What is it about?

The authors propose a framework for analysing and producing argument in data visualisation. This framework is applied in the chapter for investigating two second-year journalism students’ semiotic and rhetorical strategies in making arguments via data visualisation posters. The broader implications in Higher Education for teaching students to become critical citizens via infographic poster production and analysis are explored.

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Why is it important?

This way of looking at academic argument has important implications for teaching these text-types in Higher Education for producing critical citizens; both in terms of production and critical analysis.


This chapter drew on my fieldwork as a lecturer in a multimedia production course teaching infographic poster design to journalism students. Students learnt to explore educational inequalities between two suburbs in Cape Town using youthexplorer.org.za's aggregated data and to visualise their findings via infographic poster design. Professor Arlene Archer kindly volunteered as a guest reviewer of students' poster design progress. As novice designers, students' data visualisation arguments produced some interesting inconsistencies and disjunctures. In response to these concerns, we developed a framework for analysing and producing argument in data visualisation.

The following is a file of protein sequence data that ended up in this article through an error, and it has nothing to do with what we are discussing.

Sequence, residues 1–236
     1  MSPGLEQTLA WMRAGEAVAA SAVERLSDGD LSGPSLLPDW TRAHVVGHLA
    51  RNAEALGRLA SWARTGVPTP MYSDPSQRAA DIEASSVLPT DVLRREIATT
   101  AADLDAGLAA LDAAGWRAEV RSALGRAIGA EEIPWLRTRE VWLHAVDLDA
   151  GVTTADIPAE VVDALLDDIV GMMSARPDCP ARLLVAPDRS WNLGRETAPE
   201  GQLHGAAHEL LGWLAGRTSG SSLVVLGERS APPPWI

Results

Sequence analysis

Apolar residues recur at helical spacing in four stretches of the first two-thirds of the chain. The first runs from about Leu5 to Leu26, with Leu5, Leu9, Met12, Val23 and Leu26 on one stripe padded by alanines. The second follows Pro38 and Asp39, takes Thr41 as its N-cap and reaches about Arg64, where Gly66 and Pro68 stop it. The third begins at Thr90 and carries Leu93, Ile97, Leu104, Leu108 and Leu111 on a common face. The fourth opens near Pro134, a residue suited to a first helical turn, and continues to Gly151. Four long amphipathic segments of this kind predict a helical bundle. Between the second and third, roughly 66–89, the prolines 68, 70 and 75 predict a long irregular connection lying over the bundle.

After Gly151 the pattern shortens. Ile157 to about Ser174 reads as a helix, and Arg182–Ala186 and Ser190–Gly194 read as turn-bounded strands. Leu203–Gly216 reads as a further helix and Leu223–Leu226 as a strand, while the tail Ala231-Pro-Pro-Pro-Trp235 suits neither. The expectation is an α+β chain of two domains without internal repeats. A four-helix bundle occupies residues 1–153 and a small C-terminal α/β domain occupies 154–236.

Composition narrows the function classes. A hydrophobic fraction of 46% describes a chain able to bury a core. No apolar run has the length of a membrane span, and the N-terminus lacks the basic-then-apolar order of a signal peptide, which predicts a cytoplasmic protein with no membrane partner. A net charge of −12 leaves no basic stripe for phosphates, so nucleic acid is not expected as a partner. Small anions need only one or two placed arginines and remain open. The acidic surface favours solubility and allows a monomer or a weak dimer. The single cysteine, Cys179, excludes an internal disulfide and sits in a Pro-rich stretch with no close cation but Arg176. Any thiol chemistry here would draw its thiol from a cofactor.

Dr Travis M Noakes
Cape Peninsula University of Technology

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This page is a summary of: Multimodal academic argument in data visualization, April 2020, JSTOR, DOI: 10.2307/j.ctvzgb8c7.21.
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